Jury Nullification

Denver D.A. Charges Another Activist for Promoting Subversive Ideas

Mitch Morrissey warns that Eric Brandt is still at large and may be armed with jury nullification flyers.


Denver District Attorney's Office

Last week I noted that Denver District Attorney Mitch Morrissey had charged a local activist, Mark Iannicelli, with seven felonies for the constitutionally protected activity of distributing pamphlets on jury nullification outside a courthouse. This week Morrissey announced the same jury tampering charges against Eric Brandt, Iannicelli's accomplice in this dastardly exercise of First Amendment rights. On July 27, Morrissey says, Brandt joined Iannicelli in "staffing a small booth with a sign that said 'Juror Info' in front of the courthouse and provided jury nullification flyers to jury pool members." The flyers reportedly included "All You Need to Know About Jury Nullification," produced by Jury Box, and "Your Jury Rights," produced by the Fully Informed Jury Association (FIJA). Morrissey warns that Brandt "remains at large," adding that "anyone with information about Brandt is encouraged to contact local law enforcement." Stop him before he informs again!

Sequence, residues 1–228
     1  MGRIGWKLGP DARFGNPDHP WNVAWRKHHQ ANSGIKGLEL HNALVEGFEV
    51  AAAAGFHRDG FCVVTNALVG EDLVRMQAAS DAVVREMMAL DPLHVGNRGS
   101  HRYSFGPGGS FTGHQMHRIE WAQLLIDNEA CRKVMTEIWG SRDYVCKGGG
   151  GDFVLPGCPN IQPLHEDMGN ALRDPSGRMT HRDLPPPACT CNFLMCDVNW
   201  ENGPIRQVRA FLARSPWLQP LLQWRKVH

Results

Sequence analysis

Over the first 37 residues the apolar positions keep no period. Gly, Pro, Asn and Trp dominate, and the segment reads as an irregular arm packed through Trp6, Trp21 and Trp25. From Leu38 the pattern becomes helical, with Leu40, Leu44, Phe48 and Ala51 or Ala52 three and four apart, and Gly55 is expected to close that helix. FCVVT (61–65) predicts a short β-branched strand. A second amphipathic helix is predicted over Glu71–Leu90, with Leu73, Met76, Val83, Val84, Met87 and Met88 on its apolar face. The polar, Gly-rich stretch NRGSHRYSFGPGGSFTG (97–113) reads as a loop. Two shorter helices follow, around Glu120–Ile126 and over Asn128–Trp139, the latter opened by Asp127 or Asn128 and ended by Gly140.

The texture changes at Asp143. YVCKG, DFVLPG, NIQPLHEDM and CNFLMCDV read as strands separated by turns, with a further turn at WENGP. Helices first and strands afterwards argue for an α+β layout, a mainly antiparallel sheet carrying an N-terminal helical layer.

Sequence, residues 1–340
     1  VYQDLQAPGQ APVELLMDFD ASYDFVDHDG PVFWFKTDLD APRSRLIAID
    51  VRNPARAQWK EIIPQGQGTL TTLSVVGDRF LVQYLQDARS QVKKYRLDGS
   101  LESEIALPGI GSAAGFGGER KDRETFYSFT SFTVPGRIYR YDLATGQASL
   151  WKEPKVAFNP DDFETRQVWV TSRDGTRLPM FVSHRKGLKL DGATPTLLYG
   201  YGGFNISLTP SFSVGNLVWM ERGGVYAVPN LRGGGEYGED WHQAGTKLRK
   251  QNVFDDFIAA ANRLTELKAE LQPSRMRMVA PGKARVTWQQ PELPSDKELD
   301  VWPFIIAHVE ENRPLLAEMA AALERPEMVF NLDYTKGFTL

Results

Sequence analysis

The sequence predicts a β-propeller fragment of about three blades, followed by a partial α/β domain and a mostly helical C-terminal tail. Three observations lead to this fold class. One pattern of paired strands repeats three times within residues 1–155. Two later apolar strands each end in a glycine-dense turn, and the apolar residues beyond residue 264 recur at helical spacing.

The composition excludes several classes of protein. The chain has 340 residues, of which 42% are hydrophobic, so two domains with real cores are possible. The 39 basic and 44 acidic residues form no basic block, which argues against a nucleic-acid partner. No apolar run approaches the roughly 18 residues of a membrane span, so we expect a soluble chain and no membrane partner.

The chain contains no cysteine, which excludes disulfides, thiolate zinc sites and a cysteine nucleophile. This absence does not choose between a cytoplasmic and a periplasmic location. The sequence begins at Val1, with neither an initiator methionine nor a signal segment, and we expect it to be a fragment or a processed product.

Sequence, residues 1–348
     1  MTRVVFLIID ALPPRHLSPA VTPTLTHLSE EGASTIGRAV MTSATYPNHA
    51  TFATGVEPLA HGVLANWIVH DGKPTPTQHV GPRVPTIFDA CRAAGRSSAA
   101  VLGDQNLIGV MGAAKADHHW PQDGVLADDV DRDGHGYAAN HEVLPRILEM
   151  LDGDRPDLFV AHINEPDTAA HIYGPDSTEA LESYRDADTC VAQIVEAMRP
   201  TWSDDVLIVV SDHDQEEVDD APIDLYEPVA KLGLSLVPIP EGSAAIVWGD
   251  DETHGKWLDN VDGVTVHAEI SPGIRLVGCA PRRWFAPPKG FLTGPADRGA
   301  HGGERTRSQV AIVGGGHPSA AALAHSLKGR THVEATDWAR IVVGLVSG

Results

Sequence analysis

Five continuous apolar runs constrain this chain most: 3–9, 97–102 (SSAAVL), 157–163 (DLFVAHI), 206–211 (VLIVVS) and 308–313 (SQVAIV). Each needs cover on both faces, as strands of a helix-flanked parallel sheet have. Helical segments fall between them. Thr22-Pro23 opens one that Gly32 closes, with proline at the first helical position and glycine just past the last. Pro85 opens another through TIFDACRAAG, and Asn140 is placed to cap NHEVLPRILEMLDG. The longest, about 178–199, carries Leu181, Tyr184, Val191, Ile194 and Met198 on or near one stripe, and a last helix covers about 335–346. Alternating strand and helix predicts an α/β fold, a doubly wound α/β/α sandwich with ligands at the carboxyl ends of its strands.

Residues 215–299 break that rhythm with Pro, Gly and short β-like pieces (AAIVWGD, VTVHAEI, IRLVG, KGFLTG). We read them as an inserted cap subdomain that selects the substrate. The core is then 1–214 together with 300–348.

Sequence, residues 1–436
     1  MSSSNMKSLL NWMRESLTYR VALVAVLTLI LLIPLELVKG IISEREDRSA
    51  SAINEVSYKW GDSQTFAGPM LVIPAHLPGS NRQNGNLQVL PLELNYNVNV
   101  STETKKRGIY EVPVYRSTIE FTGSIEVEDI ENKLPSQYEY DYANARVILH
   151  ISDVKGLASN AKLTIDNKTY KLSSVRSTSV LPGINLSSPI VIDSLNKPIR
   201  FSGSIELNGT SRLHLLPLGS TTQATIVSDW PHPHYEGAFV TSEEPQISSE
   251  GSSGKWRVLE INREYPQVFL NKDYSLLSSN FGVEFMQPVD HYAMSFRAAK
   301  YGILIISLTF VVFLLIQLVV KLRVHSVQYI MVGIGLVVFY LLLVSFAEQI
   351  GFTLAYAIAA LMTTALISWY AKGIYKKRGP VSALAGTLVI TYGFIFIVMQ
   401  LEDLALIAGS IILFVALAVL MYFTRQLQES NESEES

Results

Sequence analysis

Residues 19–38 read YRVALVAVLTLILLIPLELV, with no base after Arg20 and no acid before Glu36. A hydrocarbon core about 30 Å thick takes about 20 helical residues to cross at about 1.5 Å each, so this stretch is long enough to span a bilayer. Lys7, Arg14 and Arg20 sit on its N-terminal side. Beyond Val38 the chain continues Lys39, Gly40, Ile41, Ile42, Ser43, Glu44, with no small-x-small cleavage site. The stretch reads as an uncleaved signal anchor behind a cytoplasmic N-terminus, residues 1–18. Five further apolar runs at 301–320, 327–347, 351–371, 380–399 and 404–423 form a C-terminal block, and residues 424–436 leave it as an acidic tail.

Denver District Attorney's Office